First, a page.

JACKSONVILLE, Fla. — "We're very excited we finally have vaccines available for the animals," Dr. Yousuf Jafarey, a veterinarian at the Jacksonville Zoo and Gardens, said.
The date isn't in concrete yet, but probably in October, the zoo will begin giving COVID-19 vaccinations to about 200 high-risk animals.
"We're actually part of the clinical trials for the roll-out," Dr. Jafarey said.
Dr. Jafarey said the vaccines come from Zoetis, the veterinary division of Pfizer. The vaccines will be given at no cost to about 80 zoos around the country, according to reports from National Geographic.
And how does an animal qualify as high risk? One factor is if their species has come down with the virus.
Let's take, for instance, gorillas.
In some other zoos, they've tested positive for COVID-19. In the past week, the Atlanta Zoo announced 18 of its gorillas tested positive, including Ozzie, the oldest gorilla on earth. Ozzie is 60.
Most often, COVID-19 causes a minor illness in animals. However, Dr. Jafarey says several dozen animals in zoos around the world are documented to have died from the virus.
What are the other reasons some animals are chosen for vaccinations and others aren't? In addition to documented cases of certain species contracting the virus, another factor looks at if the species is endangered or threatened.
Take lemurs, for example. Jacksonville Zoo trainer Tracy Fenn says only about 70-80 lemurs are in the U.S. and, in their home country of Madagascar, the population of lemurs is dwindling.
"So when you're talking about losing one or two in populations of less than a couple hundred of that species left on the planet, it becomes a real concern," Dr. Jafarey said.
He says early data shows the vaccine is safe and effective. It is not the mRNA vaccine that's given to people. It's designed only for animals.
On the high risk list at the Jacksonville zoo are the big cats, such as tigers, jaguars, lions and bobcats. Also on the vaccine list are gorillas and bonobos, about 100 bats, and hoofstock, Dr. Jafarey explained. Birds are not considered high risk because they don't contract COVID-19.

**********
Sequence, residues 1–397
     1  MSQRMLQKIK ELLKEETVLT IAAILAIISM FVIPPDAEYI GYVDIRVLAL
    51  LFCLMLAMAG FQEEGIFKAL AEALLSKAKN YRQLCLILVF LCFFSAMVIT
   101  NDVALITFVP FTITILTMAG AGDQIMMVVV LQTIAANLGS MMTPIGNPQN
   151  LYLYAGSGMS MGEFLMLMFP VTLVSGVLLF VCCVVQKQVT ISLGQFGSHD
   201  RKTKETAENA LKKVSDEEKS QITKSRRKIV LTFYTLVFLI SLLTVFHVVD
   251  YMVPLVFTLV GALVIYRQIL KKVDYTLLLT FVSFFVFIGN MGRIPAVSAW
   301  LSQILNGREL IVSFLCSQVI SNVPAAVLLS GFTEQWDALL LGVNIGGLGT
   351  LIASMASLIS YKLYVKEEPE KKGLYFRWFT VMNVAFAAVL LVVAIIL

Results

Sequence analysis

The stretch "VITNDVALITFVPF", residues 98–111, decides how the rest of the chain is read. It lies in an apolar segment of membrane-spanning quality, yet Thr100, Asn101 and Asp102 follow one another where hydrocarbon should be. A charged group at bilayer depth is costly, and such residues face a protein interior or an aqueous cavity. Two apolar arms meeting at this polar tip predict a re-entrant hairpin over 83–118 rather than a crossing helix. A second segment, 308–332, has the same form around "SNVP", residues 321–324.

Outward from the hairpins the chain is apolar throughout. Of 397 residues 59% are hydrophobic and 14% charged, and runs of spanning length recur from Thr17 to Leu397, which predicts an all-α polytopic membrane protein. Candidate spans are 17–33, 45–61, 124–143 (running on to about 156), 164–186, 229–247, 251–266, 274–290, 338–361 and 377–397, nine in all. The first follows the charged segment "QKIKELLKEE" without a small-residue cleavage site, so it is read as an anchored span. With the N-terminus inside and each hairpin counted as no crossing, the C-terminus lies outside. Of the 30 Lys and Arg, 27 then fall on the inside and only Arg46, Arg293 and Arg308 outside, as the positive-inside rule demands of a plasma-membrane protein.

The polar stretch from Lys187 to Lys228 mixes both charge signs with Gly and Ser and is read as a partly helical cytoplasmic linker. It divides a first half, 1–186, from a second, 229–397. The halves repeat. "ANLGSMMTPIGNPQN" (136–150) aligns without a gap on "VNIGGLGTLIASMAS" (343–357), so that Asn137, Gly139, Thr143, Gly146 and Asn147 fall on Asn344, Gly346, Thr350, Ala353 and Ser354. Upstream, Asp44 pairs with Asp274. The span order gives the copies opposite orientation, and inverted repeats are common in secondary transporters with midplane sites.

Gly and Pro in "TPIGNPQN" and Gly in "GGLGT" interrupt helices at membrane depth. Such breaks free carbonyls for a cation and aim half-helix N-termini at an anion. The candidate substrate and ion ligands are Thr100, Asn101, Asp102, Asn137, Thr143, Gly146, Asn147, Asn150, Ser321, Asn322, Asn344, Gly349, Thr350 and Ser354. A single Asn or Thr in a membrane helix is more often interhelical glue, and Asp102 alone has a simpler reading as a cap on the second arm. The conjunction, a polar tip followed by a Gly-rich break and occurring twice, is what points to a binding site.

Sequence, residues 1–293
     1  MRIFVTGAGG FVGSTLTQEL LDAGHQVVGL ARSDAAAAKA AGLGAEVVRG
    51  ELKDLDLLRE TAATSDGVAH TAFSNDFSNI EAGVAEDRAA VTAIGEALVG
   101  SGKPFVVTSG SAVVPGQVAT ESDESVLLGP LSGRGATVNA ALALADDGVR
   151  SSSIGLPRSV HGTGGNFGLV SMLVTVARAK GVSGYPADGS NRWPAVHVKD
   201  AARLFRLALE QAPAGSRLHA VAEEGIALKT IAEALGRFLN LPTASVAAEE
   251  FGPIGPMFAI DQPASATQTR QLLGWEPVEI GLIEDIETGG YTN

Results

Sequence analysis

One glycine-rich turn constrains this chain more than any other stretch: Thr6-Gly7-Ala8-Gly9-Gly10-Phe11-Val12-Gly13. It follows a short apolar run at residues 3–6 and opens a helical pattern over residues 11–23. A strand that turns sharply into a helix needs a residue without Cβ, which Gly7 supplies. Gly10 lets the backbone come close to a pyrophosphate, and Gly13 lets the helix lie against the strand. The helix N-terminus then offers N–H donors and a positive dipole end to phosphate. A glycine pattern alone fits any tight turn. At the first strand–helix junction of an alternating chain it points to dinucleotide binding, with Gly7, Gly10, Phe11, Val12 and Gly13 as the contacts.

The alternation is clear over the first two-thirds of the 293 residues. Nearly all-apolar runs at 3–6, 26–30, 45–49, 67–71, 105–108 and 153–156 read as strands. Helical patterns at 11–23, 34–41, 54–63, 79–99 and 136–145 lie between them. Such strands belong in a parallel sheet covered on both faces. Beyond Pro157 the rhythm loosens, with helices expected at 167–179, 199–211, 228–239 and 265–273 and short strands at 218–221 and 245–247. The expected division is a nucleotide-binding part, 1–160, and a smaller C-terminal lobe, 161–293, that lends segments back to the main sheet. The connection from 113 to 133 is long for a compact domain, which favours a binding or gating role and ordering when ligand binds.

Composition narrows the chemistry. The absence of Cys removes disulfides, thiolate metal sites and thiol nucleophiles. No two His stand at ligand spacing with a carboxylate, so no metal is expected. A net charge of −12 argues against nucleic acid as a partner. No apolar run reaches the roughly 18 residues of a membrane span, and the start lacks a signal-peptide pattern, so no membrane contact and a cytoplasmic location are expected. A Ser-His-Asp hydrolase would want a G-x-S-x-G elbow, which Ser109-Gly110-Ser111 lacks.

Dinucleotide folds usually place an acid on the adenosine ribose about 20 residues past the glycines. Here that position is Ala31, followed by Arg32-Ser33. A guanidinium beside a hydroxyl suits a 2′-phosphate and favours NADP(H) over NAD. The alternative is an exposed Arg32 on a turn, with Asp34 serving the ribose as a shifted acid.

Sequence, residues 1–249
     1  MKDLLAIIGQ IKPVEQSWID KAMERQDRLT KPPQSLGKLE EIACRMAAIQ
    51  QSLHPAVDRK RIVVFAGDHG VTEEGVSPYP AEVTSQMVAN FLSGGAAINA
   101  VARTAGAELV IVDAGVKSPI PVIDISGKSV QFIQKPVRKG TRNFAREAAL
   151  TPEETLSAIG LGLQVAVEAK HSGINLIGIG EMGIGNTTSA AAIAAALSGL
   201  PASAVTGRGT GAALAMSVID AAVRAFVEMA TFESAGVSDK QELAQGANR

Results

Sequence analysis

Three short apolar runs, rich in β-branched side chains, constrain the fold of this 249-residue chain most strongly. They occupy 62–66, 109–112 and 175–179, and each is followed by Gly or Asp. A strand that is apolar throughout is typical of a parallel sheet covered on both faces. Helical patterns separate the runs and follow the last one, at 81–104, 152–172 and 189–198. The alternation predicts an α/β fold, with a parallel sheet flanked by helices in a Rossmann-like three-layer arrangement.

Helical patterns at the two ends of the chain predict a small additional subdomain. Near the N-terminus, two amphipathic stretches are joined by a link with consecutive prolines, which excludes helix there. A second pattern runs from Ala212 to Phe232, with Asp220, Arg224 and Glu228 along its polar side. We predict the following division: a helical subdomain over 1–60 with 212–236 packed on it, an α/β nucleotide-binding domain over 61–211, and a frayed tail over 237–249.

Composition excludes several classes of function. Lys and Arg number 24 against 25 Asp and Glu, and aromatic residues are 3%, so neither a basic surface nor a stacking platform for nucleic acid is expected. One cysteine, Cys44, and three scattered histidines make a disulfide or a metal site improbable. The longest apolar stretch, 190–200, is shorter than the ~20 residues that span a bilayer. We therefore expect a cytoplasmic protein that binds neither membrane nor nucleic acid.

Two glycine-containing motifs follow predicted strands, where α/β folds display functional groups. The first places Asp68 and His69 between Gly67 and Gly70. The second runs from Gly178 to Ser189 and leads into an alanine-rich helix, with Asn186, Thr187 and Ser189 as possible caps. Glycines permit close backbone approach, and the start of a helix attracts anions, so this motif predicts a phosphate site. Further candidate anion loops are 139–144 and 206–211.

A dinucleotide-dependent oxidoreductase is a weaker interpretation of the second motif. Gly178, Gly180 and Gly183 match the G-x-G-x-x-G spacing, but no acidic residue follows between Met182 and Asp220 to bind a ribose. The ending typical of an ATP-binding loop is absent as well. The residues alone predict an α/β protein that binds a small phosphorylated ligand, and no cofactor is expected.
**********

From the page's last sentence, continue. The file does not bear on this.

But how do you keep an animal calm during a vaccination so he doesn't jerk away and not get the whole dose?
Step one is to reward him with food. Take Potter, a ruffed lemur, with black and white coloring. Potter learns when he goes into a "sleeve,' which looks like a box up in a tree, he gets grapes. And Potter loves grapes.
The trainers practice this positive reward system over and over.
The next step is for the trainers to gently poke Potter on the fleshy part of his hip, where he'll get the shot. He eventually gets used to being poked with a human finger and doesn't object because, after all, he's munching on sweet grapes.
Then the trainer uses a blunt needle to poke him. It doesn't penetrate his skin.
After much practice, Potter is ready.
"The most you practice, the better they're going to do when it's time for D-Day, time for the shots," Fenn said.
Fenn and Dr. Jafarey both say they love animals and animal conservation.
A challenge may come when the animals have to get a second dose, but the hope is the food rewards will still kick in. If not, the animals can be darted, but Fenn says that's a choice of last resort.
"We'll all breathe a sigh of relief once our animals have some degree of protection," Dr. Jafarey explained.
And if this makes you wonder about your dog or cat at home, experts say vaccines don't appear to be necessary for them. The theory is their immune systems -- because of genetics -- operate differently and protect them from COVID-19 in most cases, although a few fatal incidents have been reported across the globe.
So far the Jacksonville Zoo says it's had no positive cases of Covid among its animals.